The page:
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Bill 154 proposes long-awaited changes for not-for-profits

Ontario’s introduction of Bill 154, the Cutting Unnecessary Red Tape Act will, if passed, allow the province’s not-for-profit sector to begin to modernize in the way it has wanted to for years, says Toronto health lawyer Kathy O’Brien.

“This is a big deal because the sector has been waiting for it,” she tells

“It’s a long-awaited step forward in what is really glacial progress for change.”

O’Brien, a partner with DDO Health Law, notes the proposed changes for not-for-profits will impact more than 100 Ontario hospitals, as well as community health centres, family health teams and community mental health agencies.

“They will welcome these changes,” she says. 

“The existing not-for-profit legislation is antiquated. It has not been robustly updated for many years. The proposed legislation is important for not-for-profit corporations because it sets out new rules, including how their board members get elected, what kind of terms they can serve and for annual member meetings.”

Bill 154 is an omnibus piece of legislation that proposes amendments to a host of different of laws, including the Ontario Corporations Act and the Charities Accounting Act

O’Brien says the sector has essentially been waiting for such changes since Ontario passed new and completely overhauled legislation called the Ontario Not-for-profit Corporations Act (ONCA) in December 2010, but it has never been proclaimed into law.

“So we’ve just been in limbo, according to the government, for two reasons: one they wanted to pass some technical amendments and they also needed to develop the technological infrastructure to support it,” she says. 

“I guess they needed to put into place the technological platforms to be able to do that. So we’ve been waiting seven years.”

Bill 154 includes those technical amendments to the ONCA and also changes the existing out-of-date legislation, the Ontario Corporations Act, O’Brien adds. 

The government says the timeline to roll out these changes involves passing Bill 154, after which the not-for-profit sector has two years before the ONCA will be implemented, she says. 

“That takes us to nearly 2020 and then the ONCA itself says the not-for-profit sector has an additional three years after it’s in place to transition under these new rules so we’re going to have to live with the antiquated Corporations Act for another five years,” she says.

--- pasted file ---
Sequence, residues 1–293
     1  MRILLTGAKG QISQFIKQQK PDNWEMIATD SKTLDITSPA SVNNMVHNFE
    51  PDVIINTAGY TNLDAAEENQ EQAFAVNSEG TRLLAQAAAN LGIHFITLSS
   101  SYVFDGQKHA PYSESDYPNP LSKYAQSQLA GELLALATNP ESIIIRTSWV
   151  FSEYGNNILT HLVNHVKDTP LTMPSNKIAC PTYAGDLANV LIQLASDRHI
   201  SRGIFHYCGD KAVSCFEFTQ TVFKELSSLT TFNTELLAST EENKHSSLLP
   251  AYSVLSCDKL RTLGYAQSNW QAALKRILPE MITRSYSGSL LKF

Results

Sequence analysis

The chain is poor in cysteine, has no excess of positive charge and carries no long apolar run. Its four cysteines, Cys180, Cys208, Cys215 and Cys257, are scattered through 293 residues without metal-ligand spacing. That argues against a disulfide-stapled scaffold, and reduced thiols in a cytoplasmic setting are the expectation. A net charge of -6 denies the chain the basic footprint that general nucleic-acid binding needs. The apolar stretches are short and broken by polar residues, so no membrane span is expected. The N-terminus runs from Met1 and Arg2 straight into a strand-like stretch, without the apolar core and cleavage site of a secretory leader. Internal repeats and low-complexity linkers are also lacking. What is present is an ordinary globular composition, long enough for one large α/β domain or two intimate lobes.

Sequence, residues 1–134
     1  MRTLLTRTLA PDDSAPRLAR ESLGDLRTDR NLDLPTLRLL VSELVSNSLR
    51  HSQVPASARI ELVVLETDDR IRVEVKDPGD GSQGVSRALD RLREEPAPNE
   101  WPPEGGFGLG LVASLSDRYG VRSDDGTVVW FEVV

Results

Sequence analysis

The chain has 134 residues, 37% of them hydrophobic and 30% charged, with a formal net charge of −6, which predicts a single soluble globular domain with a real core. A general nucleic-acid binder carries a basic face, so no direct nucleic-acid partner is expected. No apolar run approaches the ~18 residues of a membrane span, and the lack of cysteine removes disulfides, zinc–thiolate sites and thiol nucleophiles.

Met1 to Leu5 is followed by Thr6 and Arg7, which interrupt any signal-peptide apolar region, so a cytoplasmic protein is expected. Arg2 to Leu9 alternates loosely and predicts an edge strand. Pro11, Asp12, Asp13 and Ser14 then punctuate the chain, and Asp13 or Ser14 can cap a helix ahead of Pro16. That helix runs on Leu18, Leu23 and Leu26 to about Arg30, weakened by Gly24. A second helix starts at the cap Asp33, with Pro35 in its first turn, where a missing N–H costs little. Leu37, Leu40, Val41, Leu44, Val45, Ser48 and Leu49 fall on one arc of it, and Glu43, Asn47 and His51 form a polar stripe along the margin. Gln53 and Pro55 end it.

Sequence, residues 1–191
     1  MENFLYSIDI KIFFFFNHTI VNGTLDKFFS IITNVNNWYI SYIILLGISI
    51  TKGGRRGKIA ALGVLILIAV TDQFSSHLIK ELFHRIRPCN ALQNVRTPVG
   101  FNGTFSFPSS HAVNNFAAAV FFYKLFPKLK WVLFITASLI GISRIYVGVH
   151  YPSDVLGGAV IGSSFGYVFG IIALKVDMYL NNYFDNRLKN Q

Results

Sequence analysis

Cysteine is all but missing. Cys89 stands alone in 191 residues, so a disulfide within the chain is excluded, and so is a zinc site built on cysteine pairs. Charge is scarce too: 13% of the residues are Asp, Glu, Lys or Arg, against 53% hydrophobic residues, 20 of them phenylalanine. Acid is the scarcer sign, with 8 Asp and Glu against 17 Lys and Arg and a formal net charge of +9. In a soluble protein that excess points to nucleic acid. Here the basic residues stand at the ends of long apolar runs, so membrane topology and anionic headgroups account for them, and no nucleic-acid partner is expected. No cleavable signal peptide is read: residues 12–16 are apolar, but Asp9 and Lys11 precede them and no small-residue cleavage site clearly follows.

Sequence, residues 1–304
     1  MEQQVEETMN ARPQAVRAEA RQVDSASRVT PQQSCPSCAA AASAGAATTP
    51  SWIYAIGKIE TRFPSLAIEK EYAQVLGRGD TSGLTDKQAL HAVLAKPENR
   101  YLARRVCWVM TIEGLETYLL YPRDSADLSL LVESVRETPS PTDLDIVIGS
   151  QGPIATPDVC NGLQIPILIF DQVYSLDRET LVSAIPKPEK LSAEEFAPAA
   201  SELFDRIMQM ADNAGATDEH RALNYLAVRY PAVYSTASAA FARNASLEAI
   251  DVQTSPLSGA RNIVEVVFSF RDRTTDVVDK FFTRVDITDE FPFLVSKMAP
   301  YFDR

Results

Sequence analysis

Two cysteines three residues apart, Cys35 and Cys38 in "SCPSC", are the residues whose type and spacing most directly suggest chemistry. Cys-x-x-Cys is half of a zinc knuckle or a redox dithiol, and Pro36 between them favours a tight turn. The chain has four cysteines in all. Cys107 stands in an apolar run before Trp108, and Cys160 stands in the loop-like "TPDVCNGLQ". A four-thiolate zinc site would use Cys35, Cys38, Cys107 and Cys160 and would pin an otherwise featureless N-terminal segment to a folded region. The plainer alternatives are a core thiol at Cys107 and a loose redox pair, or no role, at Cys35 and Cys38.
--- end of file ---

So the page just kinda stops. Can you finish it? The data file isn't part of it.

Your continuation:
But O’Brien says it’s exciting that the Cutting Unnecessary Red Tape Act, if passed, not only will bring in the technical amendments to the ONCA, it will also put into force some aspects of the ONCA as soon as Bill 154 is enacted.

“So we get to have some of the cherries from the ONCA a little bit early,” she says. 

One of those changes relates to annual general meetings (AGM) for not-for-profits. Under the existing legislation, members can either attend AGMs in person to vote or send it in via proxy. Bill 154 proposes to amend the Corporations Act so that members can phone their vote into the AGM, which will modernize the process, O’Brien says.

“It has been a huge inconvenience for years,” she says. “This will make life easier for the members and brings the sector into the 21st century.”

Bill 154 also brings a section from the ONCA that maps out the legal expectations for directors of not-for-profit corporations, “O’Brien adds.

It outlines the duty the directors owe to the corporation and the standard of care that’s expected of them, she says.

“That’s a key piece of any corporate legislation, but the Corporations Act, being so old and not revised frequently, has not included that important component,” she says.

“The government, in Bill 154, has taken the language drafted in the ONCA and imported it into the Corporations Act and that’s a great piece of clarity. It sets the standard. 

“Without that in the Act, lawyers in the sector have been relying on the courts to set the rules for what not-for-profit directors are doing, and that’s not the way it should be. It should be set out in the statute so that everybody knows clearly what the rules are.”

Bill 154 also proposes changes to rights for not-for-profit corporation members, who elect directors to the board. One such amendment will allow members, by a majority vote, to remove directors, O’Brien explains. They only have this right under the existing Corporations Act if the individual board builds it into their bylaws and even then, it has to be two-thirds of the members and not the majority to remove a director. 

“This change is good for the accountability of directors,” she says.

O’Brien says the changes in Bill 154 overall are positive but “slow and tiny steps.”

“We’re still two years away from the new legislation being implemented and we’re at least five years away from the Corporations Act dropping off the books,” she says.

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